Masketeers: Idle Has Fallen is an idle-RPG. That means progression is absolutely inevitable – you just influence how quickly it happens.
The gameplay sees you facing off against Wraiths in a world brought low by a mysterious pervading melancholy. Masks appear to those in their depths of despair, making them a Masketeer and allowing them to see and combat the dreadful Wraiths, who feed on misery. Much of the game rests on equipping, upgrading, and customising these masks, as well as the Masketeers who wield them.
This guide will take you through the basics of managing your Masketeers, your masks, Runes, Relics, Elements, Guardians, Wisps, and the game’s innovative Orb system.
Masketeers come in three different classes: Attacker, Defender, and Supporter.
Attackers deal a lot of damage, Defenders absorb a lot of damage, and Supporters buff and heal their allies on the field.
The main currency in Masketeers: Idle Has Fallen is Sparks. These are left behind every time you kill a Wraith, and you spend them on upgrading your Masketeers. Every time a Masketeer hits a new level, they get a Talent Point to spend on unlocking or upgrading Talents on a skill tree.
Once you’ve jacked your Masketeers up to a point where it seems impossible to proceed, you can Transcend them. This option becomes available after reaching stage 60, and it allows you to cash in some Arcana to spend on summoning and upgrading Relics.
But it also resets the progress of your Masketeers and Guardians. Fortunately, having upgraded Relics allows them to progress faster than before, so Transcending is totally worth it despite the temporary setback it creates.
Another effect of passing level 55 is you get access to new Masketeers, though you can only field four at a time so you need to decide which ones to keep in your active team.
Wraiths come in waves of ten, followed by a boss (although as you progress, you can unlock unique relics that reduce this count to a minimum of 5 waves). If your Masketeers don’t manage to take a boss down, you go into limbo until you’re ready to try again by tapping on the boss icon at the top-right of the screen.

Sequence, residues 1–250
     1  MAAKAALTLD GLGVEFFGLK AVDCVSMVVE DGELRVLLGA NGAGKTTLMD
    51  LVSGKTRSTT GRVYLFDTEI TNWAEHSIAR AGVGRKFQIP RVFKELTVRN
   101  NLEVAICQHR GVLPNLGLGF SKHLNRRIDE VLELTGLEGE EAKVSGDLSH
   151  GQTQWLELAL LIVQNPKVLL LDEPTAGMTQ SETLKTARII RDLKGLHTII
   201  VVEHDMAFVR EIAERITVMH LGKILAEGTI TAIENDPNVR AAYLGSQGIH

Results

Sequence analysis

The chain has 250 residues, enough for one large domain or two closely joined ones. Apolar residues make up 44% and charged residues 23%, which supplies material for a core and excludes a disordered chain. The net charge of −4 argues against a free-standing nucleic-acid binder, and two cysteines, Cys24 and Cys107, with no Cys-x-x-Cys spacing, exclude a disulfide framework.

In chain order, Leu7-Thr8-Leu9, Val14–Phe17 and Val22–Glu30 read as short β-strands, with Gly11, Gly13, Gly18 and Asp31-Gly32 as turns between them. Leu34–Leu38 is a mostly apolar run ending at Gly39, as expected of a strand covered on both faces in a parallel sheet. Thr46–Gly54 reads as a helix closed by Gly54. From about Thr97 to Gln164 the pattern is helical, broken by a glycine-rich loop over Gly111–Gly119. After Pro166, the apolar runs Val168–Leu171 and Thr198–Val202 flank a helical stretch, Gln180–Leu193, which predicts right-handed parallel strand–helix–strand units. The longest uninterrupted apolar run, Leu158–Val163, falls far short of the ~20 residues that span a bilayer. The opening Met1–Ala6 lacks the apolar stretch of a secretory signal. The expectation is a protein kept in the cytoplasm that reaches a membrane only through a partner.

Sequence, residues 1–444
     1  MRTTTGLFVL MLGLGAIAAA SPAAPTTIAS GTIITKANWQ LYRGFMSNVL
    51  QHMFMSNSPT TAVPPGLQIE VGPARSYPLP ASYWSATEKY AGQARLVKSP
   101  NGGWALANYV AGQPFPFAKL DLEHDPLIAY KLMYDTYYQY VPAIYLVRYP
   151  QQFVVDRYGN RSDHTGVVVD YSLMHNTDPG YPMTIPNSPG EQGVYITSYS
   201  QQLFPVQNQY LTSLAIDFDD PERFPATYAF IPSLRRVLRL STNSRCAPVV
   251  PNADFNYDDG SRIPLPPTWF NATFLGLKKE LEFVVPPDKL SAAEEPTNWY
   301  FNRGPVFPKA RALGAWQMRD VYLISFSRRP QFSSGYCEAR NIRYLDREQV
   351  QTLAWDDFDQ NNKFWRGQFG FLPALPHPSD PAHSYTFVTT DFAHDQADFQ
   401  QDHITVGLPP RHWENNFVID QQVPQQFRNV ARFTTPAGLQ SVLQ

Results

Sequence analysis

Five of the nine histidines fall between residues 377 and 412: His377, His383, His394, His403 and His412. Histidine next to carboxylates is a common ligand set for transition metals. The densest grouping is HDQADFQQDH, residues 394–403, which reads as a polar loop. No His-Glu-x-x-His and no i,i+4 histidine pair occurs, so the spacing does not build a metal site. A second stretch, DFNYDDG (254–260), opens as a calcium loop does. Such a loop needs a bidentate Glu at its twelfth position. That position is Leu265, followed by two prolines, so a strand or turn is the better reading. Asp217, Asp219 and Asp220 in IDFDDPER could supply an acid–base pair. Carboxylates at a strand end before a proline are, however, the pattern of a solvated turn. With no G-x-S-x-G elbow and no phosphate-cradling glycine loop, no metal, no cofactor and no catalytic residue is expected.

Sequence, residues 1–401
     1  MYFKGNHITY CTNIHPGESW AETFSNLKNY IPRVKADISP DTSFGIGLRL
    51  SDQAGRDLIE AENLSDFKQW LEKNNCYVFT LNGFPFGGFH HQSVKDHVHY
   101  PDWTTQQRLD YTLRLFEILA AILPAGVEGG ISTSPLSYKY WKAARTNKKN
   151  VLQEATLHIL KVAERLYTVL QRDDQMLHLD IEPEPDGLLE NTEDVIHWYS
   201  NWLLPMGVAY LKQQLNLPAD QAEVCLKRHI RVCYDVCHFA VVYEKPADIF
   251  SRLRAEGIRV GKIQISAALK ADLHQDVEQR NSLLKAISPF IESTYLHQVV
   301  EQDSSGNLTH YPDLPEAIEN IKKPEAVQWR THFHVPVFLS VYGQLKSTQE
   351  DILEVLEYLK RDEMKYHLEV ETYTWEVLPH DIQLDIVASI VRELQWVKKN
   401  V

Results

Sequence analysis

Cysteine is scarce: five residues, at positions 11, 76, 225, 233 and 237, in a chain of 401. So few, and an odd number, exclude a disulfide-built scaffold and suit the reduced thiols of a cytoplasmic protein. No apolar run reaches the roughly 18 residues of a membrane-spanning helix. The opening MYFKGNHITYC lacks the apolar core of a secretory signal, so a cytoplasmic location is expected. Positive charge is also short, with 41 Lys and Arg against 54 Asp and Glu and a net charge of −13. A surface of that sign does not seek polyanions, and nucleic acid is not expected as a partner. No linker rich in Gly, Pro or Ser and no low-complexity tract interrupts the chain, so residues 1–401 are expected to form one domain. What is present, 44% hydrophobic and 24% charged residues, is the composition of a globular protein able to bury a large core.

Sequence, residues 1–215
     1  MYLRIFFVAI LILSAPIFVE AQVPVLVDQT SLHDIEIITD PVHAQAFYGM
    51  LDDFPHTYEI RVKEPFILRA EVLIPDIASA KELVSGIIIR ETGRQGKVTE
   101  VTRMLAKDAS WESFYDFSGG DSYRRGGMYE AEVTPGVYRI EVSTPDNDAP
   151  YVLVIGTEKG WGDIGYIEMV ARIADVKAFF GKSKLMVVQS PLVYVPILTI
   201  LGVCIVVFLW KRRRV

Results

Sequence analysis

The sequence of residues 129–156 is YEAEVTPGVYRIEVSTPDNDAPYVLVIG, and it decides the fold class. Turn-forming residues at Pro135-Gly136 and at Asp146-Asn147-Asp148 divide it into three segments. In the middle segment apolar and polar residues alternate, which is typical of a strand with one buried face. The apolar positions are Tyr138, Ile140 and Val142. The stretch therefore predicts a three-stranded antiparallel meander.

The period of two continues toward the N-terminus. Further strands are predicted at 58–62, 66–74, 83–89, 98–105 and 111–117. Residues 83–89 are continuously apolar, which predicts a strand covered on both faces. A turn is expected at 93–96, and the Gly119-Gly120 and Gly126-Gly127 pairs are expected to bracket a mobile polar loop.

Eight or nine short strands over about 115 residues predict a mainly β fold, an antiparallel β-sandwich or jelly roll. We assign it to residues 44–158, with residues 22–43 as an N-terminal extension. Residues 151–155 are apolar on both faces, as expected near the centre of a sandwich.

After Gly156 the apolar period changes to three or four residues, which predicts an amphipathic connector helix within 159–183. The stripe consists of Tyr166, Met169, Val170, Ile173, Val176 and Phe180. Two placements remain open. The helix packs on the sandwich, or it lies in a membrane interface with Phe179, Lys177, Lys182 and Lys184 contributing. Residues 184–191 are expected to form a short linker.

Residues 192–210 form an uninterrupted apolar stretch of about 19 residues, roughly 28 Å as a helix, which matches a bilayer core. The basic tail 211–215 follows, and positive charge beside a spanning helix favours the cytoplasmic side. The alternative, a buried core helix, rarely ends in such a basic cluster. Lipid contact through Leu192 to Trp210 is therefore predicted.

There are several different types of Wraith. Spark Wraiths drop extra sparks, Mask Wraiths drop random masks, Void Wraiths advance you a number of stages, and Phantom Bandits drop Fate Tokens, which you can use to spin the Trader of Fates slot machine whenever you transcend.
Each Masketeer can have up to three runes equipped to them at any one time. These runes impart effects such as increased damage, HP, armor, and so on, and they come in specific shapes that only fit into certain rune slots.
You can fuse matching runes together to create a new rune with a higher star rating, and doing this has the fringe benefit of improving your Rune Mastery, which increases the star value range of all of your runes.
You can get a huge bonus effect by matching up runes and run slots of the same color.
Masks are the source of your Masketeers’ power, and they work almost like characters in other gacha RPGs.
Each one has its own unique powers and characteristics, including a main bonus that increases its wearer’s HP and Damage, an element type, a rune bonus, and various substats.
There are four rarities of masks, the rarer the better, and the two rarest types – Epic and Legendary – count towards your mask collection. Whenever you complete a set of masks you get set bonuses. You can grind spare masks down into dust to spend on either upgrading the masks you want to keep or crafting new ones.
Like Wraiths, Wisps are spectral beings. Unlike Wraiths, they’re good guys, floating over the battlefield and providing bonus effects and generating their own Orbs. Activating a Wisp’s Orb triggers that Wisp’s special ability, which could be anything from increasing a Masketeer’s Damage to granting sparks.
You earn Wisps by hatching Wisp Cores every four hours, or through in-game events and general progress. To level a Wisp up, you just need to hatch another of the same kind. There are 21 different Wisps to collect, though you can only have three in the field at once.